In the eighth chapter of the Gospel of John, Jesus makes an amazing claim: Those who saw themselves as God’s people, who were sticklers for keeping the law and could trace their lineage all the way back to Moses were “children of the devil” (John 8:44). So much for the Jesus-who-judges-no-one of liberal theologians.
Throughout the New Testament, two groups of people are in view. Sometimes they are called “the lost” and “the found” other times “children of the Devil” and “children of God.” No matter what descriptors are used, it’s always two and only two groups. One is either “lost” and a child of the devil or “found” and a child of God. The most important question anyone can ask is: How do I move from the first group into the second? How do I cross over and become a child of God?
Thankfully, the Bible is clear on the answer to that question. Only through faith in Jesus Christ can one be made right with God (John 14:6) and move from being God’s enemy to being His friend (John 15:15). People hated that answer in the first century and have continued to hate it in every century since. As a result, all kinds of aberrant belief systems have arisen seeking to get around the clear teaching of Jesus that by grace through faith in Him alone can men be saved. Most of these systems fall into one of two categories:
The Christ and.. Method
This method teaches that, yes, I’m a sinner and yes, Christ is necessary in order to deal with my sin but Christ is not sufficient to do so. Trusting in what Christ did on the cross is certainly a course requirement but I still have to get some extra credit through my works in order to be reconciled to God (or in some cases to stay reconciled). In this category would be the Roman Catholic Church and, within Protestantism, the Church of Christ.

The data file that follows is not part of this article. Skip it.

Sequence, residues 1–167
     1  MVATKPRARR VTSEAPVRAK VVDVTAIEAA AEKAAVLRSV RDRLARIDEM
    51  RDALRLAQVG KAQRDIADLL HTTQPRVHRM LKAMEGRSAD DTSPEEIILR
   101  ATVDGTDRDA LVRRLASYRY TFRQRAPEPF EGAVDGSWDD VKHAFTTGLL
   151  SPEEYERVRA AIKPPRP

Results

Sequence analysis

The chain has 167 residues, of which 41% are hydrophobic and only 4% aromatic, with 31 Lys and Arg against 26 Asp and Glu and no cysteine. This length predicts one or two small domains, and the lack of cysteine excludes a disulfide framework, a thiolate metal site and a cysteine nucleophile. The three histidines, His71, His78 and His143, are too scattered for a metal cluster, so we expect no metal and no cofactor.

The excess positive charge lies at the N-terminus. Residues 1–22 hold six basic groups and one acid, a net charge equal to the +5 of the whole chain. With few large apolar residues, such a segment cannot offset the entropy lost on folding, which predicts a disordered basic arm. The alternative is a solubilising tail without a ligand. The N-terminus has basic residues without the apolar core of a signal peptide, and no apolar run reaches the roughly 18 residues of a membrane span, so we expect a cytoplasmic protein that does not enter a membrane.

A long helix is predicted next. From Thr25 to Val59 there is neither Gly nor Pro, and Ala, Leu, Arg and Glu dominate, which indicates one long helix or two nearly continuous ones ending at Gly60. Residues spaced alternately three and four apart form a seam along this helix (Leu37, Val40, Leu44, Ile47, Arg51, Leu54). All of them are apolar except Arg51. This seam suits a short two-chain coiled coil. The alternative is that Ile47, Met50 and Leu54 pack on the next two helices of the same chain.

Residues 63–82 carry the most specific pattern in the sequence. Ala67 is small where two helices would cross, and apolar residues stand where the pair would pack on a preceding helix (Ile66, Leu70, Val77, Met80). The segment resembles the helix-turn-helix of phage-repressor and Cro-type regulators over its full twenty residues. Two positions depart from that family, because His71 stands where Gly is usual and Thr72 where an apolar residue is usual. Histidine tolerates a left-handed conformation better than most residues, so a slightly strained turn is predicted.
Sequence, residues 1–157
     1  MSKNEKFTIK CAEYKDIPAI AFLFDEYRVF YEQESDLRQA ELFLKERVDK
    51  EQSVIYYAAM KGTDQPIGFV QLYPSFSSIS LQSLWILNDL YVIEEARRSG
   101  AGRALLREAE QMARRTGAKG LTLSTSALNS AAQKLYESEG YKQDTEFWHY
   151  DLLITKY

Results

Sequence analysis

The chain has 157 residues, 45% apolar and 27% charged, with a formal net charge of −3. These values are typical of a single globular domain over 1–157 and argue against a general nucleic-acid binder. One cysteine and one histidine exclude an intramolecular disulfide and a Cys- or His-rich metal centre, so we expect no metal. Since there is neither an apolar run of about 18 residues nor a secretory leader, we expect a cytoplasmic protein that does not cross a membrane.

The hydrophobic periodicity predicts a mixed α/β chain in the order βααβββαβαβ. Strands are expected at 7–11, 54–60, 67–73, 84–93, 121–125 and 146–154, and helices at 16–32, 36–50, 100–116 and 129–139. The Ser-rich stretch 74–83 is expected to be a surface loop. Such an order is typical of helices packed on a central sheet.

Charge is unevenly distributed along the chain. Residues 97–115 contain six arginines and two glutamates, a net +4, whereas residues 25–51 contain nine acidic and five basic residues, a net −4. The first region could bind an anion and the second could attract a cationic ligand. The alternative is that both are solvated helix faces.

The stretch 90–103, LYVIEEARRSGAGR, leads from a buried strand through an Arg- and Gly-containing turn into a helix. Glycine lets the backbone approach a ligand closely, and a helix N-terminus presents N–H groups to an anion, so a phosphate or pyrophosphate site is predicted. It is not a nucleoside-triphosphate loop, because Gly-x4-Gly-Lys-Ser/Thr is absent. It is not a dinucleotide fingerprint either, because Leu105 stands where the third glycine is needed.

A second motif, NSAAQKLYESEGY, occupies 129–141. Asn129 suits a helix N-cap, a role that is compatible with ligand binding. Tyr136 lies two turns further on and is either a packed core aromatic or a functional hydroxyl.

The Christ or…Method
Some take it even a step further. Sure, Christ is a way to be reconciled to God but it is arrogant and ethnocentric to claim He’s the only way. There are many ways to God. Whether one starts out a sinner or not in this belief system is not a given. Some in this camp would say yes, others no. Unitarian Universalism as well as many of the liberal mainline Protestant denominations in the United States fit here.
Here’s an example of this teaching from the presiding bishop of the Episcopal Church in the USA:
So what is the answer?
The Christ period. Method
The absolute best we can do in pursuit of righteousness Isaiah says is but “filthy rags” (Isaiah 64:6). There is nothing we can do to be made righteous or even to be made more righteous. Righteousness in the eyes of God is not a matter of degrees. A person is either righteous or they’re not. Jesus is and we’re not. Only when God imputes Christ’s righteousness to us can we stand before Him blameless (the only way one can stand before a holy God and not be destroyed).
The perfect life Christ lived and the sacrificial death He died are all that is needed to justify us, make us right with God. When we trust in Christ by grace through faith, we are justified. No additional work on our part is required to supplement that and no other religious tradition can accomplish that because Christ is the only righteous person who ever lived and is therefore the only acceptable substitute for our own “filthy rags.”
What then is Christ’s role in our salvation? The author of the book of Hebrews answers for us:
“Therefore he is able to save completely those who come to God through him, because he always lives to intercede for them.” – Hebrews 7:25 (emphasis mine)
Have you trusted in this Christ who can save completely?